Sonoskop Ensemble play Giacinto Scelsi (DE/IT)

Sonoskop is a group of  Berlin musicians who collaborate in different new music Ensembles in Berlin, such as Solistenensemble Kaleidoskop, United Berlin, SonarQuartett, etc. The collective introduces itself with the following words:

„We create our own projects, substituted by Hauptstadtkulturfond Berlin, for example. Enthusiasm for new music in all its colours is our interest.Giacinto Scelsi is one of the most magic composers of 19th century, his pulse is our impetus.”

The musicians in this ensemble are:

Nikolaus Schlierf
Biliana Voutchkova
Skaistė Dikšaitytė
Tilman Kanitz
Daniel Eichholz

Scelsi was an Italian composer who chose a path separate from all modernist movements and created music of a highly intuitive, mystical nature.

Giacinto Scelsi’s music was largely unknown throughout most of his life, as he refused to conduct interviews or make analytical comments about his works and rarely sought out performances. The attitudes behind his musical creations can be tied in with this reclusiveness; from the 1940s he saw music as a type of spiritual revelation. He began to compose his better known pieces at this time, works which involved static harmony with surface fluctuations of timbre and microtonal inflection. This type of harmonic minimalism was developed independently of other minimalist trends of the twentieth century, and was received with fascination by the musical world when his music finally began to receive performances and recordings in the 1980s. He wrote over 100 works, including several major pieces for orchestra, and works for chamber ensemble, string quartets, and solo and duo pieces. Many of his pieces were worked out in improvisation and subsequently written down.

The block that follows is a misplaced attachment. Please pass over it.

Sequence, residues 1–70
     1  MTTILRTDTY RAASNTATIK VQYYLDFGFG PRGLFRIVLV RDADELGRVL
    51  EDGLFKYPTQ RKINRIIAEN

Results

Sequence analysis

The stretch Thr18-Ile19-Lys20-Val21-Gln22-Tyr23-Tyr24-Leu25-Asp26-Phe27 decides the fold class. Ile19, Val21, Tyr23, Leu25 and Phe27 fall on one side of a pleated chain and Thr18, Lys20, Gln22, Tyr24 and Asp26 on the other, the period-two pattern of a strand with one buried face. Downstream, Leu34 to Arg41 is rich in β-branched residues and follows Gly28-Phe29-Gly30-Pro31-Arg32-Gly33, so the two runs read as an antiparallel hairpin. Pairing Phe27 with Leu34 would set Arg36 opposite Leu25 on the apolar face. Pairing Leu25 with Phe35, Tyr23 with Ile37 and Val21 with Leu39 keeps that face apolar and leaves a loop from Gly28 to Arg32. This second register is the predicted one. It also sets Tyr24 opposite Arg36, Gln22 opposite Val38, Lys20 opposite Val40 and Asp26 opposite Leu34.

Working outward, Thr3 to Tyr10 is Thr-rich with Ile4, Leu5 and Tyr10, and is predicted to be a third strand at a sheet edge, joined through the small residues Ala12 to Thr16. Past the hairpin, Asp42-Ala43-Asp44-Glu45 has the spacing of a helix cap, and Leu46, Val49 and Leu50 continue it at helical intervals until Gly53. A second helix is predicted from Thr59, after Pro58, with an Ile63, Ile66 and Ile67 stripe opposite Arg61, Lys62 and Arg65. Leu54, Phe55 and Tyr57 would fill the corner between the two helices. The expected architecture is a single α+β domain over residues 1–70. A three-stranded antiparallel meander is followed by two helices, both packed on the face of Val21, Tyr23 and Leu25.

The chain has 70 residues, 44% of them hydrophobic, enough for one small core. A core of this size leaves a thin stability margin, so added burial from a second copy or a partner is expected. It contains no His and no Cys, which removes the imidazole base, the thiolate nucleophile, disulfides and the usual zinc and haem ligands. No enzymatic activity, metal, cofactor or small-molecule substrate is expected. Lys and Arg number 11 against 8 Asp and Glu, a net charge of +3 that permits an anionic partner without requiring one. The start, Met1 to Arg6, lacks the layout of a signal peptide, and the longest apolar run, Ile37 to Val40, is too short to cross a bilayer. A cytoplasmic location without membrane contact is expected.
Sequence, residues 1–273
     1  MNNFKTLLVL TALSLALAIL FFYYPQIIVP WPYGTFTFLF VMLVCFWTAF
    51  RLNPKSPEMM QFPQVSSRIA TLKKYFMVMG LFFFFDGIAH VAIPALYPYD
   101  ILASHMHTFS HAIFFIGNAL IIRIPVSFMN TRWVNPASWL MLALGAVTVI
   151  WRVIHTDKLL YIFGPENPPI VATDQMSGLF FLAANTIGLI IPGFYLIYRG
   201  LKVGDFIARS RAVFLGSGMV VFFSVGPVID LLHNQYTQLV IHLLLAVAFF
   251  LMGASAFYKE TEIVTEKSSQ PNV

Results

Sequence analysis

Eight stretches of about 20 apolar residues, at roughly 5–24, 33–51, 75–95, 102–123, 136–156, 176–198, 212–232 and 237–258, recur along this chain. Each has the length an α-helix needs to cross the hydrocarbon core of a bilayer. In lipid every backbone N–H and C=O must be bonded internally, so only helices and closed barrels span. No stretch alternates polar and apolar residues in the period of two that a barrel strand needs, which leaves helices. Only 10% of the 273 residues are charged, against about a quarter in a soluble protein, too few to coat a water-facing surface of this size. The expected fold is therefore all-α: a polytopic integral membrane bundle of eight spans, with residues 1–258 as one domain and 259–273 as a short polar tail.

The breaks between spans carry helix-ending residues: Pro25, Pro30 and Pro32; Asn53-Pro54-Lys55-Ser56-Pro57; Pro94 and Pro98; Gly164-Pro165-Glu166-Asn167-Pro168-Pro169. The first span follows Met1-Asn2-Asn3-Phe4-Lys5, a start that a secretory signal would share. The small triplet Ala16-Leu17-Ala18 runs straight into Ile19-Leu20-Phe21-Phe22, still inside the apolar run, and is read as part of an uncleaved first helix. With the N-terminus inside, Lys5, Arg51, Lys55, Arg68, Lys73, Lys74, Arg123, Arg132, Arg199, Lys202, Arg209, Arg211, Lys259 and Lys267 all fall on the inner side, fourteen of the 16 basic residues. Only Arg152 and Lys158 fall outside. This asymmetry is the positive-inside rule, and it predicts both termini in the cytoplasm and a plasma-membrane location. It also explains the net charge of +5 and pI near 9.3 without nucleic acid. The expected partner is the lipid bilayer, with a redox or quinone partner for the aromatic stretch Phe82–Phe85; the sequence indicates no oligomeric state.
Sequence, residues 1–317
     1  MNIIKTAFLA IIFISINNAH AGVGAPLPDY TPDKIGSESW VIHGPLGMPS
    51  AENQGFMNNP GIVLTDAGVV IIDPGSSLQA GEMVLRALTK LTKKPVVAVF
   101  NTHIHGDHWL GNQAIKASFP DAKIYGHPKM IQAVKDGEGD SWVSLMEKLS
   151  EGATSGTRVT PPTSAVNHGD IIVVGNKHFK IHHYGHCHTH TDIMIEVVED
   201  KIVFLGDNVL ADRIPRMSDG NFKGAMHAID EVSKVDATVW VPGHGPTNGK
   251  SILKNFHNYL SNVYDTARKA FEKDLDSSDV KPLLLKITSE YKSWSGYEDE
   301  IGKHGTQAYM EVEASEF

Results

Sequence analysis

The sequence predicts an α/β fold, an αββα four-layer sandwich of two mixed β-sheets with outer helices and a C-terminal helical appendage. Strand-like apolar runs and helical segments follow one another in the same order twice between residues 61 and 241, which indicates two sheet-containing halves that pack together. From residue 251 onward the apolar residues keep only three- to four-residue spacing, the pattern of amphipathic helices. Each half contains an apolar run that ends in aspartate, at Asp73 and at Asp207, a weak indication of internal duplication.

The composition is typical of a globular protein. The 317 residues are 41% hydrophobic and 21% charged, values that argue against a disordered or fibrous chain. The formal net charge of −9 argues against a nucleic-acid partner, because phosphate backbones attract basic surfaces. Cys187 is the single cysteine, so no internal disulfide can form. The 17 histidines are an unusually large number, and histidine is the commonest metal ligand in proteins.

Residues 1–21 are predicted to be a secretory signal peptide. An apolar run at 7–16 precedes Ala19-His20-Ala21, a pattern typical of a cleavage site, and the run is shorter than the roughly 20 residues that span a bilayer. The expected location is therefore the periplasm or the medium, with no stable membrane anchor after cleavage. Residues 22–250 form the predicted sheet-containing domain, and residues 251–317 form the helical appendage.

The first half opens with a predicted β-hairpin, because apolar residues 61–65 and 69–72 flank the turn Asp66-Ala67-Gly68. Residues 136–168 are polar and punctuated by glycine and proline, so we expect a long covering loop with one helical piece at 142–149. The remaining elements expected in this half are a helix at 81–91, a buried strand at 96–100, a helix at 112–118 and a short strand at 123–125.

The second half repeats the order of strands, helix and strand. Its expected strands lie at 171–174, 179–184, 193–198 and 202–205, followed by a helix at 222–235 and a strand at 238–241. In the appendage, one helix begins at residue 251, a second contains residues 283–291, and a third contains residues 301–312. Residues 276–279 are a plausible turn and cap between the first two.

(Text by Rachel Campbell)

This performance took place on October 2, at the 2020 edition  Skaņu Mežs festival.

The programme was as follows:

  • Riti: I funerali di Carlo Magno (A.D. 814) for cello and percussion (1962)
  • Manto 1 for violin (1957)
  • String Quartet No. 4 (1964)
  • String Quartet No. 5 (1984)